Rich Medina

Rich Medina

Today, many artists who have been Rich’s idols have become peers, and his fans often become his friends, even if just through the shared experience of music. Countless couples and relationships were commenced to the soundtracks he has created time and time again. His eloquence extends well beyond the music he plays—Medina’s spontaneous use of language speaks to the fact that he’s been a well-respected spoken word artist for over a quarter century, not to mention that he’s a journalist who has contributed columns and features to a wide variety of publications, including The Fader, Complex and Wax Poetics. His commanding physical presence is a constant reminder of four years of varsity basketball while at Cornell University, not to mention a brief stint of semi-pro ball immediately thereafter.

Rich Medina’s passion for spinning records began at the tender age of twelve, when he played his first party in his hometown of Lakewood, NJ. From that moment forward, he practiced and studied his craft with the focus of a seasoned athlete, quietly developing the skills that made sequencing and mixing music extremely natural to him.

At twenty-five years old, Medina already had an Ivy League degree, a season of semi-pro hoops (dreams of pro-ball dashed by an injury), and two Fortune 500 jobs under his belt. He then made the brave decision to give up a six-figure job at Abbott Laboratories in favor of hauling crates of records between Philly and NYC to manifest his dream of being a well-respected DJ. Right off the bat, he was able to establish himself with residencies in both cities as well as a steady stream of guest appearances with the likes of Qool Marv, Prince Language and Bobbito Garcia, beginning the musical adventure that has now taken him far and wide around the globe many times over.

True to his knack for being in the right place at the right time, in 2001, Medina established an unprecedented nine year run with his legendary party Lil’ Ricky’s Rib Shack at APT, in NYC’s soon-to-be-hot Meatpacking District. APT became a real destination in the City—a place with no nonsense and no bottle service, where folks like Puff Daddy, Kevin Powell, Lord Sear, Mos Def, Talib Kweli and Prince could be seen regularly, getting down on the dancefloor, mixing right in with the crowd. In the midst of APT’s heyday, in 2005, hip-hop legend Q-Tip chose Medina to be his partner for a new Friday night weekly called Open, at Santos Party House in NYC, which played to capacity crowds for the duration of its four year run. Using NYC as a catalyst, Rich became what many would call the ultimate DJ-in-residence, with steady established outposts in numerous cities, including Miami, San Francisco, Chicago, St. Louis, DC, Orlando, Pittsburgh, Cleveland, Amsterdam, London and Paris.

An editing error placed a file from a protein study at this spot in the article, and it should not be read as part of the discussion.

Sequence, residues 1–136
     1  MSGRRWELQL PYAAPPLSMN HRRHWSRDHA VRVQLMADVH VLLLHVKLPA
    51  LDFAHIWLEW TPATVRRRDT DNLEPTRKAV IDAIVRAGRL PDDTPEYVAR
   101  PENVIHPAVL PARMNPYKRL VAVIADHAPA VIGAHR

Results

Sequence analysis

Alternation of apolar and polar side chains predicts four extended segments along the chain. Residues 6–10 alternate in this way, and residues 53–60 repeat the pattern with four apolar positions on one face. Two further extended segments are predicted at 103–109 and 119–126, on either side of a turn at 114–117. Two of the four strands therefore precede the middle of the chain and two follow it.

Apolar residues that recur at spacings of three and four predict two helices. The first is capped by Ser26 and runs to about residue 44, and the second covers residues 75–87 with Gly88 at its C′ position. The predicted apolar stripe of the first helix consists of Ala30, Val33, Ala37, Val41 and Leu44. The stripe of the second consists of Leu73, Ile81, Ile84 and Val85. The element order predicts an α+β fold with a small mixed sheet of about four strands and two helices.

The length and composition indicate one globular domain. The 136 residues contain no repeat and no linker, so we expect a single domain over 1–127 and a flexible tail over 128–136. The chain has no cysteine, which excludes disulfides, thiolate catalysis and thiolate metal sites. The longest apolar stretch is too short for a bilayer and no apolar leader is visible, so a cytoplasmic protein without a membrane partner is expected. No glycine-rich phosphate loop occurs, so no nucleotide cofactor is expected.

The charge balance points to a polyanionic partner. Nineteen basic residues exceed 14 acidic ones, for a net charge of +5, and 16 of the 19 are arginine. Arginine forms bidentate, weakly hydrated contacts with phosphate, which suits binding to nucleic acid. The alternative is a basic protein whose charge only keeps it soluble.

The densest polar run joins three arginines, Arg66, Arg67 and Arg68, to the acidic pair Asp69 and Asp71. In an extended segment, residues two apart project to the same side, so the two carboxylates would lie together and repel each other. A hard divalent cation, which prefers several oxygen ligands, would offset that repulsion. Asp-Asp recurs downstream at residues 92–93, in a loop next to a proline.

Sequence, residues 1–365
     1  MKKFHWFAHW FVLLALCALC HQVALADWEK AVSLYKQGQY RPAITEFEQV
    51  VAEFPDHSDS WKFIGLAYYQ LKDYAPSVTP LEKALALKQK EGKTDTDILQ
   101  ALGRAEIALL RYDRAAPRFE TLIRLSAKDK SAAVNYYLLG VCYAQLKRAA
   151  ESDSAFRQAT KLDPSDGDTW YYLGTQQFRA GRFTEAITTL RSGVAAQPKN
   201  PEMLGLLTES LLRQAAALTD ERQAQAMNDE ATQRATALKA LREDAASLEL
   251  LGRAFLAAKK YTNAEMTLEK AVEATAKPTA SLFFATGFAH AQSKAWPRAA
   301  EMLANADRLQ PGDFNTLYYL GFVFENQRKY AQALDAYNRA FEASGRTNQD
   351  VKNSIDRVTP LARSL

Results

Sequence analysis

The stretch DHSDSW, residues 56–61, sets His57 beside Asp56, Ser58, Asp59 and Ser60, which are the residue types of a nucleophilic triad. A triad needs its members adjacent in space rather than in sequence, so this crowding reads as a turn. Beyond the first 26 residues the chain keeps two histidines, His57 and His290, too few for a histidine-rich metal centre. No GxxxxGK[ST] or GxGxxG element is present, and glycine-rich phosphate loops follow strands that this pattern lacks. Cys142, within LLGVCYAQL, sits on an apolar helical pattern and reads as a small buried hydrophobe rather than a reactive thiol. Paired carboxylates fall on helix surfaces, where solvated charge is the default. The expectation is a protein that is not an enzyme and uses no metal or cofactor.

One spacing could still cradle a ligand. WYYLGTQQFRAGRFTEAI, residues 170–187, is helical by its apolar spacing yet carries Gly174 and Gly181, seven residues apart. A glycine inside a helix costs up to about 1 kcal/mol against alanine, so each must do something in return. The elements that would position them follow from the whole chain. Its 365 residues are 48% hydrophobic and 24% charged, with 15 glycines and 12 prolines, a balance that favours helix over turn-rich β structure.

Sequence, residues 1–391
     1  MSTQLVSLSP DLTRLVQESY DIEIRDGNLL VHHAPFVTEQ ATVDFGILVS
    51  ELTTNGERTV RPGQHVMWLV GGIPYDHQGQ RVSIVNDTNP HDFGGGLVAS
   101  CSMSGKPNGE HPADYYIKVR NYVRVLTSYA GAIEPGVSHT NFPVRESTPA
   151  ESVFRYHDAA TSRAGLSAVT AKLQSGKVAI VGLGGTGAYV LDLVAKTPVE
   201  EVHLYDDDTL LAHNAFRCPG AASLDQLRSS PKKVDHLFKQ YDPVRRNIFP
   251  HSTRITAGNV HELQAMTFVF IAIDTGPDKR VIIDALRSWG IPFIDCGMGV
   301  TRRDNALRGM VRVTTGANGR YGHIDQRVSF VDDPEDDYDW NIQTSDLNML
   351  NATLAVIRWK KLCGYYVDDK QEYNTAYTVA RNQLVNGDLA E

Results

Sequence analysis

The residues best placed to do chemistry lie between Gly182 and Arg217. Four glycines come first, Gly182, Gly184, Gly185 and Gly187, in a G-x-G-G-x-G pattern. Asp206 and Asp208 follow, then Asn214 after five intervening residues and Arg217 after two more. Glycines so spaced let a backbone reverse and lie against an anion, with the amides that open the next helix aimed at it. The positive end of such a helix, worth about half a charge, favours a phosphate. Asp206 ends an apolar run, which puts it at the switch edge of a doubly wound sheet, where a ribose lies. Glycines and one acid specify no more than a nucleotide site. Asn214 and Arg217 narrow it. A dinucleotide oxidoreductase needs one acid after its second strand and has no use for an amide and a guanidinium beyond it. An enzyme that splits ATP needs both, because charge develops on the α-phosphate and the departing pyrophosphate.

One of Medina’s proudest achievements has been establishment of JUMP N FUNK in 2001, North America’s Original Afrobeat party, dedicated to the late Nigerian icon Fela Anikulapo Kuti. The groundwork laid down by Medina via his JNF brand to raise global awareness (not to mention the dancefloor potential) for Afrobeat was silently vital in setting the stage, literally and figuratively, for the award-winning Broadway and worldwide run of “Fela!”. And as with Rich’s other branded parties, JNF has been presented around the world, including, Tokyo, Brussels, London, Amsterdam, and over twenty cities across North America.

DJing only scratches the surface of Rich Medina’s story. His spoken word artistry has been featured on records by the likes of King Britt, Phil Asher, De Lata, Antibalas, IG-Culture, and Nathan Haines. As a record producer, he has collaborated with the likes of Jill Scott, J Dilla, Platinum Pied Pipers, Martin Luther, DJ Mitsu The Beats, Okada Taxi, Ty, Bobbito Garcia, 4AD, Blue Note Records, and Concord Music Group. He also released his first full-length LP, “Connecting the Dots” in 2005, on the Dutch indie powerhouse label Kindred Spirits.

While attending his twentieth college reunion at Cornell University in 2012, Medina was approached by the school’s director of The Cornell Hip Hop Collection to become the first ever Cornell alumnus to join their esteemed advisory board. The collection consists of the largest acquisition of rare and at-risk materials and artifacts covering the beginnings of hip hop culture—the most extensive held by any organization in the US. He has lectured on numerous topics and moderated multiple panel discussions for Cornell’s Music and Africana departments. He has also been invited to speak at San Francisco State University, and was a featured speaker at TEDxPhilly in 2011.

Rich is a card-carrying member of the Rock Steady Crew and the Universal Zulu Nation. And he has consistently lent his name to charitable organizations close to his heart, most recently The Africa Center, Room to Grow and GrassRoots.

While Medina could rest on all of his past accomplishments, he has retained the energy of a prizefighter, constantly seeking something greater as both an artist and a businessman, steadily building a respected brand with his own two hands. Rich is one of those rare people who has built himself a platform on his own terms, in his own way, achieving success with every step he takes and enriching countless souls with incredible music and unique wisdom.
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